LSU Tigers new coordinator Cam Cameron talks about working with QB Zach Mettenberger

Baltimore Ravens head coach Cam Cameron coaches against the Houston Texans in the first quarter at Reliant Stadium. (Brett Davis-USA TODAY Sports)

Cam Cameron was hired on as the new LSU offensive coordinator after being fired from the same role with the Baltimore Ravens mid-season. As Cameron took the microphone for his introductory press conference, he understood that he was not at all the fan base’s first choice for the position.

“I can sense some concern, but I don’t have any concern,” Cameron said, as recapped by Pete Roussel of “I’m coming in with all ears. I want these men to teach me why they’ve been successful so far, and then how can I help build from where we are. Maybe some of you agree or disagree with that, but that’s where I am with this whole thing.”

However, those fans only saw Cameron’s extremely recent lack of success in Baltimore. They have failed to recollect the more than 10 years of winning play-calling at the professional level. They have failed to see his average of 10 wins per year as an offensive coordinator with both the San Diego Chargers and Ravens.

They have failed to understand the depth of his work in developing Drew Brees and then Phillip Rivers in San Diego, and then with Joe Flacco in Baltimore, and that is most pertinent to Tigers Nation.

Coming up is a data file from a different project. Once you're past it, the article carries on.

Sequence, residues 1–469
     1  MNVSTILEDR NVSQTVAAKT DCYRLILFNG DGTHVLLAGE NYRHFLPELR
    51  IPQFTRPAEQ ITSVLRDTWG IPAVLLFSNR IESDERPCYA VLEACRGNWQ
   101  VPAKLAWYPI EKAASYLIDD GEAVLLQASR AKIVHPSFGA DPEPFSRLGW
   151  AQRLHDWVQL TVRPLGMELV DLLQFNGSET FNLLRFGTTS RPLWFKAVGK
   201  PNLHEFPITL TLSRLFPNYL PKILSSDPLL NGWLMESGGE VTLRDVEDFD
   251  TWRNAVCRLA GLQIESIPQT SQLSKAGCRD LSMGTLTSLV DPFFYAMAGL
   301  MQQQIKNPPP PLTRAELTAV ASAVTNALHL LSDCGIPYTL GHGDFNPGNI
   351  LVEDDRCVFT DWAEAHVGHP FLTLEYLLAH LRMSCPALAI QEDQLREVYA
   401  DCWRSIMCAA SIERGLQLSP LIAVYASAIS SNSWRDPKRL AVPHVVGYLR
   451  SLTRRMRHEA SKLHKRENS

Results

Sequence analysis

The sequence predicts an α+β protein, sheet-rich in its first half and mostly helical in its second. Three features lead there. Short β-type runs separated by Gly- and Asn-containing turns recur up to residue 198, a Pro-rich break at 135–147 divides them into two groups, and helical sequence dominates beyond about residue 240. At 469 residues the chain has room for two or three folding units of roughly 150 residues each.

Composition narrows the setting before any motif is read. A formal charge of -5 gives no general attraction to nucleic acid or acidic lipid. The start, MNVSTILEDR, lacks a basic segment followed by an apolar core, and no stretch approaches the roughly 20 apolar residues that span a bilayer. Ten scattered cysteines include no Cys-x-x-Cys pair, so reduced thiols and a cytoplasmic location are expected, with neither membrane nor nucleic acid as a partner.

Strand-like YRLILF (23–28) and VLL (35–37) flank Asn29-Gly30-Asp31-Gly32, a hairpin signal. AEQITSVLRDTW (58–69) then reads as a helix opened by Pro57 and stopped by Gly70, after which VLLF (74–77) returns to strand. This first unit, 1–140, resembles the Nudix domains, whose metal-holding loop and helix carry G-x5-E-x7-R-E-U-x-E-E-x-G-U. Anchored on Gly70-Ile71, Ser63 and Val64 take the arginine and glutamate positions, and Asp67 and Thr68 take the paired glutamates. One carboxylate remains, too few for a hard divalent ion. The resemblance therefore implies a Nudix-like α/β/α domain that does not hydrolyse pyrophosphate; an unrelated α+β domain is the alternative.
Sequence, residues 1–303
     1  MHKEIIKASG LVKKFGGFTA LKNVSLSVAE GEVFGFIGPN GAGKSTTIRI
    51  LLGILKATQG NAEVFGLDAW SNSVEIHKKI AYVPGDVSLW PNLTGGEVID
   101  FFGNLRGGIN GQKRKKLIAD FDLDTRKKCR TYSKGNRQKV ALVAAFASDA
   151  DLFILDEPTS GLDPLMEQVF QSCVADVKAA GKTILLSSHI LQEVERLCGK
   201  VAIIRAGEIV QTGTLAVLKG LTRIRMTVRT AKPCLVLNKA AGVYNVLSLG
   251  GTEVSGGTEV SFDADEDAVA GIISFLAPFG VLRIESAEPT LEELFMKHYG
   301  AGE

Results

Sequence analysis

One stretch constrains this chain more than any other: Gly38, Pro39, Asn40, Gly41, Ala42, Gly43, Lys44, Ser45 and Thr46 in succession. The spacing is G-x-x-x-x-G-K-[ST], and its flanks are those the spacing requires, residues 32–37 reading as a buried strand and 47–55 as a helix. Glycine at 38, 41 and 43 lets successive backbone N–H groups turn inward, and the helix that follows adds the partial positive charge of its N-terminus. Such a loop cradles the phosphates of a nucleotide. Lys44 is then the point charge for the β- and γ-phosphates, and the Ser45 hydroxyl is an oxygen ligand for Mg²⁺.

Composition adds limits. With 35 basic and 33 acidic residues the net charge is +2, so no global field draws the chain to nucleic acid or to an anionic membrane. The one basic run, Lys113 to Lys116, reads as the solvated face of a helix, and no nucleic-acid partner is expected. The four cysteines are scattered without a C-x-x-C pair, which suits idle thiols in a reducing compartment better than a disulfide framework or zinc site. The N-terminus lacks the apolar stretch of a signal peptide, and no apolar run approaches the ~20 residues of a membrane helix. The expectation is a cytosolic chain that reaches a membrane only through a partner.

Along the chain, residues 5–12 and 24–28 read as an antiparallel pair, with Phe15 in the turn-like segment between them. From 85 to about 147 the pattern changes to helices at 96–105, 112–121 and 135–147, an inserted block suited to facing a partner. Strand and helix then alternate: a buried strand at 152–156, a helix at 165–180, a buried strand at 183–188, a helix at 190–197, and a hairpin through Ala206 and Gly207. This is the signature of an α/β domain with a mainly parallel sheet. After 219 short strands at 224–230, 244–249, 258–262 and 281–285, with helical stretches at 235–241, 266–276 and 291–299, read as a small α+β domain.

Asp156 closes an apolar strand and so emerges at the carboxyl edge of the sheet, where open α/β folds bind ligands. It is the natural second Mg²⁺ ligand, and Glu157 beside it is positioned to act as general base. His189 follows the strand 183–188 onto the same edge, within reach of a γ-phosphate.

LSU coach Les Miles brought in Zach Mettenberger from the junior college ranks prior to the 2011 season. Mettenberger transferred from Georgia, then dominated JUCO for a year and finally transferred to LSU. As the 2012 season approached, the 6-foot-5, 230-pounder was hailed as the missing puzzle piece to a team with real national championship aspirations. This especially after Tigers fans were forced to deal with the inconsistent play and playing time of seniors Jarrett Lee and Jordan Jefferson.

However, Mettenberger’s struggles were well-documented. He only threw 12 touchdown passes compared to seven interceptions and nearly cost the team several games with his inept play at times. Once again, Miles was forced to lean heavily on the run game.

This is where Cameron comes in. The new Tigers coordinator plans to take the lessons he has learned from working with a number of NFL all-pro quarterbacks in order to help Mettenberger develop into an All-American himself.

But he understands that, of course, learning, practicing and developing is going to be a two-way street.

“I’m all ears at this point,” he said. “A guy gets into his 4th or 5th year, there are certain things you like to do. What does he like most? And then you talk about why do you like that? That doesn’t mean we’re not going to challenge Zach. We are. I think you really need his input.

“These kinds of quarterbacks (Drew Brees, Phillip Rivers, Joe Flacco), you can learn so much from them, especially when they communicate with you at a high level.”

Tigers fans everywhere, and even Miles, are hoping that such learning translates to touchdown passes. If LSU’s offense can play up to par with its annually elite defensive unit, there are very, very few teams in the country that will be able to compete with this national powerhouse.

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